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When Run-D.M.C.’s monumental debut album celebrated it’s thirtieth anniversary earlier this year, many wanted to focus on the album’s staying power and one of the first rap records to legitimize the genre. Few however took the time to look at the sounds which composed the LP, including one of the men behind them in Larry Smith. Before sampling became the norm, Smith worked his SP-1200 into tireless submission, helping create the sounds which would lead the “dean of American Rock Critics” Robert Cristagu to tab Run-D.M.C.’s debut as “the canniest and most formally sustained rap album ever.”

Smith died late Thursday night, his death confirmed by Combat Jack after a conversation with family.

Smith had a helping hand in many early era Def Jam records such as Kurtis Blow’s “The Breaks” which he played bass. His work with Russell Simmons in co-producing Run-D.M.C. made him an industry big, even if he kept a low profile. His career continued to parlay into future success for others as he was key behind Orange Krush’s “Action” (sampled most notably by Kanye West for “We Major”), Whodini’s “Freak’s Come Out At Night,” Jimmy Spicer’s oft-sampled “Money (Dollar Bill Y’all) “and more.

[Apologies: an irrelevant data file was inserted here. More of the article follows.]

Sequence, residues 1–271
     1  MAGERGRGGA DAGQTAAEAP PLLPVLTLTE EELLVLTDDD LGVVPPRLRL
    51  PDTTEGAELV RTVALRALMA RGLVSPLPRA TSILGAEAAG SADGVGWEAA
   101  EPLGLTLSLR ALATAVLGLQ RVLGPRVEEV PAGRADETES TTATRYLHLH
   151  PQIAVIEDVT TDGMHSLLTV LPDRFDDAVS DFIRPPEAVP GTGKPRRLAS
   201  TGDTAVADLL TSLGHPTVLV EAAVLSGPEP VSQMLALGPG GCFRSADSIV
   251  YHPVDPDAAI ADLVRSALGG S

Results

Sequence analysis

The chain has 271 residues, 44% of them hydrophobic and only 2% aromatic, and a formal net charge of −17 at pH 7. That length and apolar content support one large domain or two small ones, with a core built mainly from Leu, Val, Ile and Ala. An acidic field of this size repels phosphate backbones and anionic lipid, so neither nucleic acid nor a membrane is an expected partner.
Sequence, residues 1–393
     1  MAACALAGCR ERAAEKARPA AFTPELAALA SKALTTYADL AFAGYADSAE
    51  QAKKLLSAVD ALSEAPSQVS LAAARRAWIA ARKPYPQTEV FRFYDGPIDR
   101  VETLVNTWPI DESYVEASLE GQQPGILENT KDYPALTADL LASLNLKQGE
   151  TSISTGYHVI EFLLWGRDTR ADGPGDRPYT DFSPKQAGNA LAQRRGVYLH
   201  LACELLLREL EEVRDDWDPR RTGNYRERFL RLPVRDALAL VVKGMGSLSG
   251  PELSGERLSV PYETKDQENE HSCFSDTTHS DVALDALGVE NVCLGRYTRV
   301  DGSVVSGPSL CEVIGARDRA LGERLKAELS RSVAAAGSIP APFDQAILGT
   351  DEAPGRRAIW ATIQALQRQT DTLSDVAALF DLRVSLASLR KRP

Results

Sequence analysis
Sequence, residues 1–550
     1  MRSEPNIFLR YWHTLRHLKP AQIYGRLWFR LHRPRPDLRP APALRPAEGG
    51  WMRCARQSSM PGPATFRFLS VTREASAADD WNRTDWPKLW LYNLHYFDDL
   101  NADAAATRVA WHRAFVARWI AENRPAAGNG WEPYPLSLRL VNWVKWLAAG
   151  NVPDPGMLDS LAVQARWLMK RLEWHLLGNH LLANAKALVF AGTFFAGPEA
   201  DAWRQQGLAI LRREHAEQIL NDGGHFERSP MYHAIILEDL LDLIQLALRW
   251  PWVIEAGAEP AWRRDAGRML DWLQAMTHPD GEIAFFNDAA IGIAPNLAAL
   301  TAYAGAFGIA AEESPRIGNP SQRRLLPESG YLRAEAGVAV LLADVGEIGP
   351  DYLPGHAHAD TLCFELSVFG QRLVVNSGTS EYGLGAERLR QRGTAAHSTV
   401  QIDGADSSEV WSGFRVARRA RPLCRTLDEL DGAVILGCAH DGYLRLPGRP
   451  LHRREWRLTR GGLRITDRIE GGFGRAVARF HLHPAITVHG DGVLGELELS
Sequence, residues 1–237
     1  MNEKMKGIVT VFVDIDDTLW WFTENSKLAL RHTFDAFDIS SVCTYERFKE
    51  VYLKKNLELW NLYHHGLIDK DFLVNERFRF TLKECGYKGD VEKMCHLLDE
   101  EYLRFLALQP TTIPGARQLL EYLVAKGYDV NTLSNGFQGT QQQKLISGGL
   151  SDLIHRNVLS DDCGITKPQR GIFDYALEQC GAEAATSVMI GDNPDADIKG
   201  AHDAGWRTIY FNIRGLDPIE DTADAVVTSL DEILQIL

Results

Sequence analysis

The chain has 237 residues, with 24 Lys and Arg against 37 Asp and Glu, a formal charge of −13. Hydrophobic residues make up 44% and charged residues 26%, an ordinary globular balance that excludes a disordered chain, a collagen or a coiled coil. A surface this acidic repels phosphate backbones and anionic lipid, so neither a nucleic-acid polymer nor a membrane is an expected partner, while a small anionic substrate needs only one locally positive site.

Darryl “DMC” McDaniels recently told EBONY for an unsung profile on Smith, ”Larry was Rick Rubin before Rick Rubin.”

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